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Manning v. Cotton,U. After the charges were dropped, the plaintiff sued the officers, arguing that the arrest violated her First Amendment rights. Overturning wan judgment for the officers, a federal appeals court found that the record indicated the officers had no evidence before them when they decided to arrest the plaintiff that suggested that the "sexy cops" costumes had any purpose that could have watn outside the protection of the First Amendment.

To infer from the plaintiff and her friend's shared costumes and t performance alone an agreement to engage in a transaction subject to regulation impermissibly burdens the right to engage in purely expressive activity and association. The court held that something more than that constitutionally protected activity was required to justify the plaintiff's arrest. Viewing the plaintiff's activities separately from her friend's, the court held that summary judgment for the officers was improper because her actions were entirely protected speech.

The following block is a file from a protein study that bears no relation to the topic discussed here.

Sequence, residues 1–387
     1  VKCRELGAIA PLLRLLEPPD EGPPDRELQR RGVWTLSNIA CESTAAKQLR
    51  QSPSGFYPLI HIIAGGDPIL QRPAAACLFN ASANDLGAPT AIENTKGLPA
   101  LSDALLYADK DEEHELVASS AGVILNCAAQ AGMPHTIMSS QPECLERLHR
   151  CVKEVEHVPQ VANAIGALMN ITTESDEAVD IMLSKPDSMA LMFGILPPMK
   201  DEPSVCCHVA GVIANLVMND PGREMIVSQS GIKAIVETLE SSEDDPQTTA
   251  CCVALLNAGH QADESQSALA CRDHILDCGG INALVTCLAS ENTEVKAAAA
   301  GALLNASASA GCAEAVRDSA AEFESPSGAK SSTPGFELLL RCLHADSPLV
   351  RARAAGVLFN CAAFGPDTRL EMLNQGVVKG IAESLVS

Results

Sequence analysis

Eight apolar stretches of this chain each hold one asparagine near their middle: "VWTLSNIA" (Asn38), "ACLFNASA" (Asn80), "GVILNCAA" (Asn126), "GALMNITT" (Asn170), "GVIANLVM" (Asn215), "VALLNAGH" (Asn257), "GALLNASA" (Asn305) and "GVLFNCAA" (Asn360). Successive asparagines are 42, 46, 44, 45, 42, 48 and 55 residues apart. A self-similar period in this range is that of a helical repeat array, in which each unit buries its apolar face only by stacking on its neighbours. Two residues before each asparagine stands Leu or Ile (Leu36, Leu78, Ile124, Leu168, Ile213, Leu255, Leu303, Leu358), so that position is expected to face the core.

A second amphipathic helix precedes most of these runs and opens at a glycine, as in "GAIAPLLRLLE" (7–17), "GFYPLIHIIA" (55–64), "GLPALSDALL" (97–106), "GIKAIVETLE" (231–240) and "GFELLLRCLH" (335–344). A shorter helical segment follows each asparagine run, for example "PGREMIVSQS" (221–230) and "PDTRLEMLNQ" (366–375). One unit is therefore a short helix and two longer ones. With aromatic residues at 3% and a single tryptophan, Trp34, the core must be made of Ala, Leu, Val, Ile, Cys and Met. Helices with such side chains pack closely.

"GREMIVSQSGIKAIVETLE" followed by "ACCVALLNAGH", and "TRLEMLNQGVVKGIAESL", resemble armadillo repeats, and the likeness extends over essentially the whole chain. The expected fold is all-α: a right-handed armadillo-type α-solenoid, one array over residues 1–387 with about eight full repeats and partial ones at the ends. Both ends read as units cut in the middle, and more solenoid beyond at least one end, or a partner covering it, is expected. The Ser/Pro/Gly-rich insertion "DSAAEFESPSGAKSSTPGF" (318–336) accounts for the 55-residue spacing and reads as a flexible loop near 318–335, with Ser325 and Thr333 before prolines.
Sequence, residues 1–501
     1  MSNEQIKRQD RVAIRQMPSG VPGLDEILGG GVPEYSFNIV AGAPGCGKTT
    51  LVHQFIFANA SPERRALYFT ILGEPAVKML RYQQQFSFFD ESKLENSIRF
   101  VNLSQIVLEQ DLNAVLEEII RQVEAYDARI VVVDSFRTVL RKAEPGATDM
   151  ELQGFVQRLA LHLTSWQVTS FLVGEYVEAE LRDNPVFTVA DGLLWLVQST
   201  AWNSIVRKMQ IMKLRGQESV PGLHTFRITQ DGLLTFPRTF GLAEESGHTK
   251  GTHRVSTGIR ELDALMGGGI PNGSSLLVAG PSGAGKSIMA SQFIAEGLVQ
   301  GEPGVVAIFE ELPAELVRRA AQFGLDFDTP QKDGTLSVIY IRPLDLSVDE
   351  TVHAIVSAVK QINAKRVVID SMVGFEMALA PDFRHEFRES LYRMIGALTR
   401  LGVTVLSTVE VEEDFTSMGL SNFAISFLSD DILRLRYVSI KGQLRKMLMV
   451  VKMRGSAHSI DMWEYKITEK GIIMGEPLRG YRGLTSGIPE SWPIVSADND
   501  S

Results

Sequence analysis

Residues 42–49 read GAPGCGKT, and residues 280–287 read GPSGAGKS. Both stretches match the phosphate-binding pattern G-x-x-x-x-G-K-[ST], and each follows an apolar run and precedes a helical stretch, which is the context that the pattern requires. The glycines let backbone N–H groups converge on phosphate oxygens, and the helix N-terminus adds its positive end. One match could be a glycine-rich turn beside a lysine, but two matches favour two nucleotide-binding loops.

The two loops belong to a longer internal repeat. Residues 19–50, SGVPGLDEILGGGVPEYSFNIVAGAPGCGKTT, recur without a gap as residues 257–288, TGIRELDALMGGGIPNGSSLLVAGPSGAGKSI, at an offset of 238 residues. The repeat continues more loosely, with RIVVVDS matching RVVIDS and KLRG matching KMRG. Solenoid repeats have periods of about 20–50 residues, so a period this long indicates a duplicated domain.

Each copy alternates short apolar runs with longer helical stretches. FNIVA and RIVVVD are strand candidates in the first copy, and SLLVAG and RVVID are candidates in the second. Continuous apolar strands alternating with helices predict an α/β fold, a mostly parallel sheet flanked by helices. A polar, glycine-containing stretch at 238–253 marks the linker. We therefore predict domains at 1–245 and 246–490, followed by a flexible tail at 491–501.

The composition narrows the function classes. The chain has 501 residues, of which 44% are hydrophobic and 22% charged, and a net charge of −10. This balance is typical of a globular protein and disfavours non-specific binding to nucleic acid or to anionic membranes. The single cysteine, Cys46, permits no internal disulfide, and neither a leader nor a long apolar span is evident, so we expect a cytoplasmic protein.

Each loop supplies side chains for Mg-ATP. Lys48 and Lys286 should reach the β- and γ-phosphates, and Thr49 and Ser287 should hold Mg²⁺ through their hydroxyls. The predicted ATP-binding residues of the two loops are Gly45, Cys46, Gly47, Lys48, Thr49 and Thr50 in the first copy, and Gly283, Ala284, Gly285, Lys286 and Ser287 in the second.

Santopietro v. Howell,U. A woman shot and killed her husband in the shower, and four days later reported him missing. Both the wife and her sister were arrested. The sister spent 12 days in custody before her release, and sued, claiming that the arrest was not based on probable cause, but rather done to try to build a case against her. While her appeal of the dismissal of that lawsuit was pending, the sister was indicted and convicted in state court of hiding a corpse, harboring or aiding a felony, and resisting or obstructing an officer.